From the Wheeling News-Register:
The old Wheeling-Pittsburgh Steel headquarters building, with 144,000 square feet of interior space, is a big project.
Towering over downtown Wheeling, the building has been vacant for the past few years. But as we reported last week, a developer is thinking of renovating it, possibly for residential purposes.
That would be an enormous boon to the downtown business district and the city as a whole. It is more attractive than it might have been just a few years ago for two reasons.
First, downtown Wheeling is experiencing something of a rebirth. Construction of a new headquarters for The Health Plan, just a few feet from the Wheeling-Pitt building, is one reason for optimism.
Second, potential construction of an ethane cracker plant in nearby Dilles Bottom will bring thousands of construction workers and, eventually, hundreds of permanent employees to our area. They will need places to live.
West Virginia’s tax credit for those who rehabilitate historic buildings could tip the balance in favor of proceeding with the Wheeling-Pitt building project — if state legislators augment the program.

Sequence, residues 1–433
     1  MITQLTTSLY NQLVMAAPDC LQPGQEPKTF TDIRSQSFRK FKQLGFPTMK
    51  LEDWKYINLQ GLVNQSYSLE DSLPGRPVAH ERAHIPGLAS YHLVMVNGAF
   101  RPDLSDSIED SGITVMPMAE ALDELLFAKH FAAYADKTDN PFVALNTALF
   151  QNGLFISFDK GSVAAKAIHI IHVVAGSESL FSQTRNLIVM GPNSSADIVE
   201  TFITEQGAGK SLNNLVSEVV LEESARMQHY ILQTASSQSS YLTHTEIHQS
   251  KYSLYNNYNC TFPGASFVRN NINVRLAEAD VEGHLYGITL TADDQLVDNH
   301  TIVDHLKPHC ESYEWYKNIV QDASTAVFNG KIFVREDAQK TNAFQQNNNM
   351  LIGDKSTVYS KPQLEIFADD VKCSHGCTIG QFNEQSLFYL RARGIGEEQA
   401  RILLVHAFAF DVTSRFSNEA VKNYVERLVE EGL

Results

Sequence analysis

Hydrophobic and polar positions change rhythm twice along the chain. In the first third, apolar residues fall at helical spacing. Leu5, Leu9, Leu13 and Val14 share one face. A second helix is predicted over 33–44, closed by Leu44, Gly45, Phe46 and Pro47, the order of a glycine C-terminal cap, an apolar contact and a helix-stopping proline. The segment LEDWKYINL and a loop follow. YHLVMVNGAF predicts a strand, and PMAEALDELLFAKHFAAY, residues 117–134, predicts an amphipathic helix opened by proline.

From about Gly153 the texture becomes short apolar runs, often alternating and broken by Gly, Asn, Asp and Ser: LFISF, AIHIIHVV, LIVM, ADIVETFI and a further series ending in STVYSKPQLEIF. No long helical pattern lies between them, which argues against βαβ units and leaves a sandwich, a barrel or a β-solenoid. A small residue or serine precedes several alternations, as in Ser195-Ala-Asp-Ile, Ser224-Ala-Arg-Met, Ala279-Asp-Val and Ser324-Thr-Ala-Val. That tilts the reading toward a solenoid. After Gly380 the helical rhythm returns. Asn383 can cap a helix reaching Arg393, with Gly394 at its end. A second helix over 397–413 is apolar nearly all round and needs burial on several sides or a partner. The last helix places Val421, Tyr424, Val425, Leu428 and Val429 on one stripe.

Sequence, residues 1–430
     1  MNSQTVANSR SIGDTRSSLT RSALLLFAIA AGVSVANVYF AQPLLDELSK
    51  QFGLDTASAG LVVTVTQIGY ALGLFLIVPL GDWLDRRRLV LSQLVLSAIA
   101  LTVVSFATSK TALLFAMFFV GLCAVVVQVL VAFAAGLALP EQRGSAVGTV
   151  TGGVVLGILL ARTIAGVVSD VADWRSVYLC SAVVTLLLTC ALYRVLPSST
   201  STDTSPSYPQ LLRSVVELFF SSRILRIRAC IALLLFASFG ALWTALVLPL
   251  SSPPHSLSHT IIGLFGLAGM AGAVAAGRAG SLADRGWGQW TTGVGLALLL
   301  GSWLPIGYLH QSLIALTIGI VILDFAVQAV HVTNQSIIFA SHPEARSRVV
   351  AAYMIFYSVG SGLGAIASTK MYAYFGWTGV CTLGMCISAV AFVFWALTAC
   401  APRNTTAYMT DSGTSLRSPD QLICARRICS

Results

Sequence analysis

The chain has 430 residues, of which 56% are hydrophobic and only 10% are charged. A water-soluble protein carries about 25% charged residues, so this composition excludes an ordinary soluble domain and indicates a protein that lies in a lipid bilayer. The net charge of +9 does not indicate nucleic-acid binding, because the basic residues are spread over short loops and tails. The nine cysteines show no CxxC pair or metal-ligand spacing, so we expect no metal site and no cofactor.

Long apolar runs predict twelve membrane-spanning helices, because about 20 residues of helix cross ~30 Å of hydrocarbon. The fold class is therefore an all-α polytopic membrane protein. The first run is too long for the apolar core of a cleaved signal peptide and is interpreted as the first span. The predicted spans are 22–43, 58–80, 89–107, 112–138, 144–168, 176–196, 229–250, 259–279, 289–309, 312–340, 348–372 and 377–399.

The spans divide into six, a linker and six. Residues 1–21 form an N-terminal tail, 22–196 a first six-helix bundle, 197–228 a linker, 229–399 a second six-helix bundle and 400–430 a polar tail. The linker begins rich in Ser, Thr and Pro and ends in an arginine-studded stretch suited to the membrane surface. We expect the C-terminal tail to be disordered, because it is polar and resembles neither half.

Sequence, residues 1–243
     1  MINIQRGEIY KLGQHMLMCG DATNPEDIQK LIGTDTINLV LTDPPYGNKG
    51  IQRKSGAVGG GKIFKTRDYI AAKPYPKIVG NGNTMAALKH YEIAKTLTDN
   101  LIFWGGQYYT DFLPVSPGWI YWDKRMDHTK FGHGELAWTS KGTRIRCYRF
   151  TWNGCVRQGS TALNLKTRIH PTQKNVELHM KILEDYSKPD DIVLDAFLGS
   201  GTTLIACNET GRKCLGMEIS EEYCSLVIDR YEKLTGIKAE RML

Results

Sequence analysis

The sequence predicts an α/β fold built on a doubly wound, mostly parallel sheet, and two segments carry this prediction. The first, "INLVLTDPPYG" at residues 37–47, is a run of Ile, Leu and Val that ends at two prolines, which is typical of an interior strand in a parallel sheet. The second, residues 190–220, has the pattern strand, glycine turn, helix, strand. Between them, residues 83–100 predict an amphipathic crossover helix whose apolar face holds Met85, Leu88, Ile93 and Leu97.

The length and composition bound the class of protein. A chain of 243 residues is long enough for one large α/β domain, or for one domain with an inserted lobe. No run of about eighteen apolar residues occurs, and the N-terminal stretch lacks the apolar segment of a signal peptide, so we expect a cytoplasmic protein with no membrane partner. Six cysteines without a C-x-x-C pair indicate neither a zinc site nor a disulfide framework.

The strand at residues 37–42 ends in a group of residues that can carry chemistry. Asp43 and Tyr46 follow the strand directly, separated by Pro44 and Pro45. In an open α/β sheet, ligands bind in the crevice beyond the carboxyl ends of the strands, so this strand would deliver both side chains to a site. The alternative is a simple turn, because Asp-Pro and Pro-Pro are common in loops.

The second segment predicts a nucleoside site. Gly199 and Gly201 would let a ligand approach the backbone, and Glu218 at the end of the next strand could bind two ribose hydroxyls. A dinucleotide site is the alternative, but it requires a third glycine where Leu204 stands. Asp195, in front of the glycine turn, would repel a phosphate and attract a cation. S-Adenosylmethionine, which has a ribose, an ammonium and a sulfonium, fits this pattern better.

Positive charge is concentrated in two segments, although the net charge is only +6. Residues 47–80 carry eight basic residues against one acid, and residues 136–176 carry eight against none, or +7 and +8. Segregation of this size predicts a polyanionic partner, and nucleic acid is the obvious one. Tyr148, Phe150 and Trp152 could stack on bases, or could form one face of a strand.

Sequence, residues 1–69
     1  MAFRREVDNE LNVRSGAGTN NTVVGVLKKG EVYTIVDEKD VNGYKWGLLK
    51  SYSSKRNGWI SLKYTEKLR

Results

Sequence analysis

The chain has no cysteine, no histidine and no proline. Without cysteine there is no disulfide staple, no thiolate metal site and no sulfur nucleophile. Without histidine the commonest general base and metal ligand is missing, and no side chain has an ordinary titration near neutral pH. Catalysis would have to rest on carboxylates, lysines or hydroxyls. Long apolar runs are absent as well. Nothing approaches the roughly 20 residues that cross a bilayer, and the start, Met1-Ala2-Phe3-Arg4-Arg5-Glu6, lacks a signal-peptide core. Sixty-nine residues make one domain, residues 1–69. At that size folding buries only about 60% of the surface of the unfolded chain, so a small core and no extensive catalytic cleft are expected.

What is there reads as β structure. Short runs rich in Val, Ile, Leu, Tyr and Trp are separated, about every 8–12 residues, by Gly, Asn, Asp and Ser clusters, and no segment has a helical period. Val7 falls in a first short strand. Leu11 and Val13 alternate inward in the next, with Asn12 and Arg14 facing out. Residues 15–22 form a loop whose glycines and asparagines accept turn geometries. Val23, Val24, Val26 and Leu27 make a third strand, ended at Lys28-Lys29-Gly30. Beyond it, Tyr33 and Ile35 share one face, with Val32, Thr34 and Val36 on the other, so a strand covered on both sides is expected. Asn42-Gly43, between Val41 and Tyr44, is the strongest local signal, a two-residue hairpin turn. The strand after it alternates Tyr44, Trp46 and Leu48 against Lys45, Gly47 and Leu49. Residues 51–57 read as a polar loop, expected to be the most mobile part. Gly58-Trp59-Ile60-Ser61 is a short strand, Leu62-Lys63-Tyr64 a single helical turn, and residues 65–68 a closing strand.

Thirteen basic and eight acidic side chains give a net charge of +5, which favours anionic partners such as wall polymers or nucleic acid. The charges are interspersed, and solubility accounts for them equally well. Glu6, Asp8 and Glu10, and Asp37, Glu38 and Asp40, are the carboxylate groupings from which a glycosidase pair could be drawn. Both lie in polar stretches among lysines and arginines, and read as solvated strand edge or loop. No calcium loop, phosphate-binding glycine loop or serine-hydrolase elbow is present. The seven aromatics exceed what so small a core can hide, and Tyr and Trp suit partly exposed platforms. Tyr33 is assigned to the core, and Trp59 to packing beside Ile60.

Currently, the program offers an income tax credit of 10 percent of the cost of a project. That is not competitive for developers with a regional outlook, who are likely to prefer the 25-percent credits in Ohio and Pennsylvania.
Bills to increase the West Virginia credit to 25 percent have been introduced in the Legislature. They ought to be attractive to lawmakers simply because development the credits could promote would mean new revenue for the state.
Here in Wheeling, the higher credit could spur new development not limited to the Wheeling-Pitt building. Legislators should make increasing the credit a priority so it can go into effect quickly — when it is needed to capitalize on opportunities in our region of the state.